Introduction

Mycobacterium tuberculosis is the most frequent cause of tuberculosis (TB) in humans. According to the most recent WHO statistics, this bacterium is responsible for nearly 1.5 million deaths and 10 million new cases every year worldwide [1]. Improvement in the understanding of the pathogenesis of M. tuberculosis and its interaction with its human host will undoubtedly help in the development of novel drugs and vaccines to control TB. In recent years, it has become more apparent that M. tuberculosis is a more diverse species than previously thought [2]. Indeed, lineages of M. tuberculosis can be identified on the basis of genetic and genomic differences, including single nucleotide polymorphisms (SNPs) and large sequence polymorphisms [3], [4], [5], [6], [7], [8]. Different M. tuberculosis lineages are more prevalent in specific geographical regions, and have been accordingly named Indo-Oceanic, East Asian, East African-Indian, Euro-American, and West African lineages [2]. They have also been shown to be preferentially associated with specific human populations, suggesting adaptation to human host genotypes [7], [9], [10]. To which extend the immune response is adapted to these different lineages is starting to be explored. Such insights may provide significant help for developing novel intervention strategies.

The East Asian lineage, which predominantly includes the “Beijing” family of M. tuberculosis strains, is distributed mainly in east and southeast Asia, where it may account for 50% of all strains isolated in this region [11]. In recent years, Beijing strains have spread to many other parts of the world, including the US, Western Europe, and South Africa, and this accounts for over 13% of all M. tuberculosis strains worldwide [11], [12], [13]. Both immigrant and non-immigrant populations are affected and this raises a major public health concern. Clinical studies have suggested that patients infected with Beijing strains may be more prone disease progression [14], [15], more likely to have smear-positive sputa [16], have higher risk of developing extrapulmonary TB [17], and are less likely to be successfully treated [16], [18]. Taken together these observations suggest that Beijing strains of M. tuberculosis are hypervirulent. Studies in animal models have confirmed hypervirulence of Beijing strains as compared to other clinical isolates [11]. Other mechanisms that could account for the epidemiological success of Beijing strains include accumulation of drug resistance, adaptation to human immunity genes and genotypes, and the capacity to elicit different innate and adaptive immune responses compared with other M. tuberculosis strains (reviewed in [11]).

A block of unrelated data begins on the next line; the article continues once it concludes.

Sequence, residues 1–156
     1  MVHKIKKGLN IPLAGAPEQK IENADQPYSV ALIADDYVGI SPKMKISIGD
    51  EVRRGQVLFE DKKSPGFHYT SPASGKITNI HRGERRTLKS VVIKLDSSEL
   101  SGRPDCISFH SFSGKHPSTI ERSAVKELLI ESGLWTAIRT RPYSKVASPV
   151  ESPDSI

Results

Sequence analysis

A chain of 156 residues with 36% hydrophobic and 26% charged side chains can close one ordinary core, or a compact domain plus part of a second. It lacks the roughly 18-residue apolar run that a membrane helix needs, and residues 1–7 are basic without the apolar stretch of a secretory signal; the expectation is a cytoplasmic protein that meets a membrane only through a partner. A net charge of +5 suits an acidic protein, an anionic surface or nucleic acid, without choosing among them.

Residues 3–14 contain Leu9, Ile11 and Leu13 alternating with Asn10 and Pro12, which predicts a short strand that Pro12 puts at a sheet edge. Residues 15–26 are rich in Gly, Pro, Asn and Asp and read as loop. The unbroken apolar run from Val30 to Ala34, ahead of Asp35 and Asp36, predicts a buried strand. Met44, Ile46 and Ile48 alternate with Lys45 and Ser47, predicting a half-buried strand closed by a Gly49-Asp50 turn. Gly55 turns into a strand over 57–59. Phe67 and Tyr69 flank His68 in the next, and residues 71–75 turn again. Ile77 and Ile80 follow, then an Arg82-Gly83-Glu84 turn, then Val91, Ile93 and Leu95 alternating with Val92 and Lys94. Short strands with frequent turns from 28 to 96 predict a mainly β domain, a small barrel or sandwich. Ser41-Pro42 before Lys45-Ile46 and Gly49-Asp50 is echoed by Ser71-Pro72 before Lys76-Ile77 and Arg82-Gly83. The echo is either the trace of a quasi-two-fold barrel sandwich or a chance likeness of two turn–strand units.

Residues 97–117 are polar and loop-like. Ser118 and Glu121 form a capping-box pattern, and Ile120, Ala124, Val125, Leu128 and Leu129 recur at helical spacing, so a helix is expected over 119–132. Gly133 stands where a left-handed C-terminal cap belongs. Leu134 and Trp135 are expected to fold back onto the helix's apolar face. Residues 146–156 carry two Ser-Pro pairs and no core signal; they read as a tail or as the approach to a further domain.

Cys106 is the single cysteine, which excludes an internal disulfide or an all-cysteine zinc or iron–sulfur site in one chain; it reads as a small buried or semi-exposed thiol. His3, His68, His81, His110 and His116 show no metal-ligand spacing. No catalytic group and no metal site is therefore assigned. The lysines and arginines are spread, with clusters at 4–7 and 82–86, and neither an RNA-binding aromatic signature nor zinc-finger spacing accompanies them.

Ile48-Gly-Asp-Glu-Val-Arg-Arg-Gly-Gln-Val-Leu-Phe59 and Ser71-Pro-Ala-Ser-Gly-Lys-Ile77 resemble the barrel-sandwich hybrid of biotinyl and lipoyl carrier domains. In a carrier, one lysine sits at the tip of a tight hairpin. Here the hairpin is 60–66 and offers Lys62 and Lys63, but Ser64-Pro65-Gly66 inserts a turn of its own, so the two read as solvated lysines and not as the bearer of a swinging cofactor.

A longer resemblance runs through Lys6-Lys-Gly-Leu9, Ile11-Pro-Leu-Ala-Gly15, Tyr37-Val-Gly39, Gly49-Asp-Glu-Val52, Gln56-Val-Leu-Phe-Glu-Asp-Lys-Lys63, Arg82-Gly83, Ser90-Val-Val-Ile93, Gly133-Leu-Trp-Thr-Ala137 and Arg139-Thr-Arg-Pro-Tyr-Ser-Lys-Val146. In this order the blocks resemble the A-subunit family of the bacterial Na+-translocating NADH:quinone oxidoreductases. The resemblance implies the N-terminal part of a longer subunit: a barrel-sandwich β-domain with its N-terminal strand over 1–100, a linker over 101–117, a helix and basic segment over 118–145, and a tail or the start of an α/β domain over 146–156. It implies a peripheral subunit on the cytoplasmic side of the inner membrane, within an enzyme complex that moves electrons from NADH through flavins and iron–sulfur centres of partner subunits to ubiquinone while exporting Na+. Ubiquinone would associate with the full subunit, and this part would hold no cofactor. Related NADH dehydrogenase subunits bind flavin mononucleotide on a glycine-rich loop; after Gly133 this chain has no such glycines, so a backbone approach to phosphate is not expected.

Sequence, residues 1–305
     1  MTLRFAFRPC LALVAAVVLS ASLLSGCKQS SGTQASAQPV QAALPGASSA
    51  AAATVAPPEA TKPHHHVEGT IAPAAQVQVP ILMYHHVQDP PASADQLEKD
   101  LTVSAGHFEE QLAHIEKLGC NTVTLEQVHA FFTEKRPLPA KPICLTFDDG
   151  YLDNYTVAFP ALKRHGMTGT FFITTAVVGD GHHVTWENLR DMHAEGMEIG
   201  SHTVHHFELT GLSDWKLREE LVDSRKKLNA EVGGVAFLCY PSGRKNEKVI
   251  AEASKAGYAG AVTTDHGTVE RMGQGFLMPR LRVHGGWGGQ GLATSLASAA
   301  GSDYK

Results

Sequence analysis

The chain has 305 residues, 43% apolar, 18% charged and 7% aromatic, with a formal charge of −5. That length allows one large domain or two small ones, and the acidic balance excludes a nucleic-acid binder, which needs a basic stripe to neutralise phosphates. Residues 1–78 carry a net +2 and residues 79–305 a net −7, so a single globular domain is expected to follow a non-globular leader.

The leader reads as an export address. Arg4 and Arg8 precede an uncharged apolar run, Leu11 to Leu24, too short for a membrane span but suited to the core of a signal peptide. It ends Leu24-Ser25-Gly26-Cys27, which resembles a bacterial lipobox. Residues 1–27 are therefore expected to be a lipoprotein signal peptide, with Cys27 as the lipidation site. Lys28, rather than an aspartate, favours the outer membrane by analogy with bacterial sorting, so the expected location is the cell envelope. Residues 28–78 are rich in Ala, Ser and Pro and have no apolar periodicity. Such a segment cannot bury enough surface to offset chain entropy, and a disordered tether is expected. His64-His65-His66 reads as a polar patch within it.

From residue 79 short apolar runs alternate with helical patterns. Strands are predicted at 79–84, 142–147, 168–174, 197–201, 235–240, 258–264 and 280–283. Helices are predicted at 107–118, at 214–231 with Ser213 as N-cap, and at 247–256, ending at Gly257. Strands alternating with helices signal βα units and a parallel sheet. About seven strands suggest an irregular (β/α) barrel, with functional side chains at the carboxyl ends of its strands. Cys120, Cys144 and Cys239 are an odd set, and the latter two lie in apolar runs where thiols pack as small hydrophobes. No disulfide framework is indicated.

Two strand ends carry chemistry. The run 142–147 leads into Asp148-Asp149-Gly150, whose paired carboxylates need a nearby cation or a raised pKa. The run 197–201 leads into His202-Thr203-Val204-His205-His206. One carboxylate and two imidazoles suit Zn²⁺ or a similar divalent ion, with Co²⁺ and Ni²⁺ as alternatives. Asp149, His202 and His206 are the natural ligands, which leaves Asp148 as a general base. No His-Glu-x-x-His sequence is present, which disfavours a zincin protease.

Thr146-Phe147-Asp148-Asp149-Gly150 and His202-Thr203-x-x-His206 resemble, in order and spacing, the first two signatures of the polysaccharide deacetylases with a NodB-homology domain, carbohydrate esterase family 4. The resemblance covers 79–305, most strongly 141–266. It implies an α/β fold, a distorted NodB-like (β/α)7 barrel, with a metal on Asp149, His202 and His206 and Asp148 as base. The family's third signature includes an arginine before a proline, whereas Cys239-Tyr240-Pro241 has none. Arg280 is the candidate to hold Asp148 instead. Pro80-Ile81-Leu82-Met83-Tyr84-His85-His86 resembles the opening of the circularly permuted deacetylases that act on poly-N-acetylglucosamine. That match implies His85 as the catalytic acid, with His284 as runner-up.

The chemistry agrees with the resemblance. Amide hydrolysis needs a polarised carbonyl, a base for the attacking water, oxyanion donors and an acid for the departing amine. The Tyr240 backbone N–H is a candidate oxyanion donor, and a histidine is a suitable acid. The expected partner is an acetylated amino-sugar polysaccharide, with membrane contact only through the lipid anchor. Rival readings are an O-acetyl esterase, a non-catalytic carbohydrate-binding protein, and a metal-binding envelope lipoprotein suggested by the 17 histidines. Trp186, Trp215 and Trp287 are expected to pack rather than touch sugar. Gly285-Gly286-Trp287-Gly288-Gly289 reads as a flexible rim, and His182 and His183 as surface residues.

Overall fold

Cytokines and chemokines secreted by innate immune cells, such as macrophages (Mφ) and dendritic cells (DC) play a crucial part in the host defense against M. tuberculosis [19], [20]. Differential induction of these molecules could contribute to variations in virulence, granuloma formation, and latency versus immunopathology and transmission. A number of studies in cells from mice and humans have concluded that, compared with reference strains, Beijing strains induce more type 1 interferon and less inflammatory cytokines, namely tumor necrosis factor (TNF), interleukin (IL)-1β, IL-12p40, IL-6 and IL-10. [21], [22], [23], [24], [25], [26], [27], [28], [29]. The most commonly used reference strains in these studies were H37Rv and CDC1551. The mechanisms underlying the characteristics of Beijing strains are not fully understood, and may involve the production of specific lipids [24], [30], [31].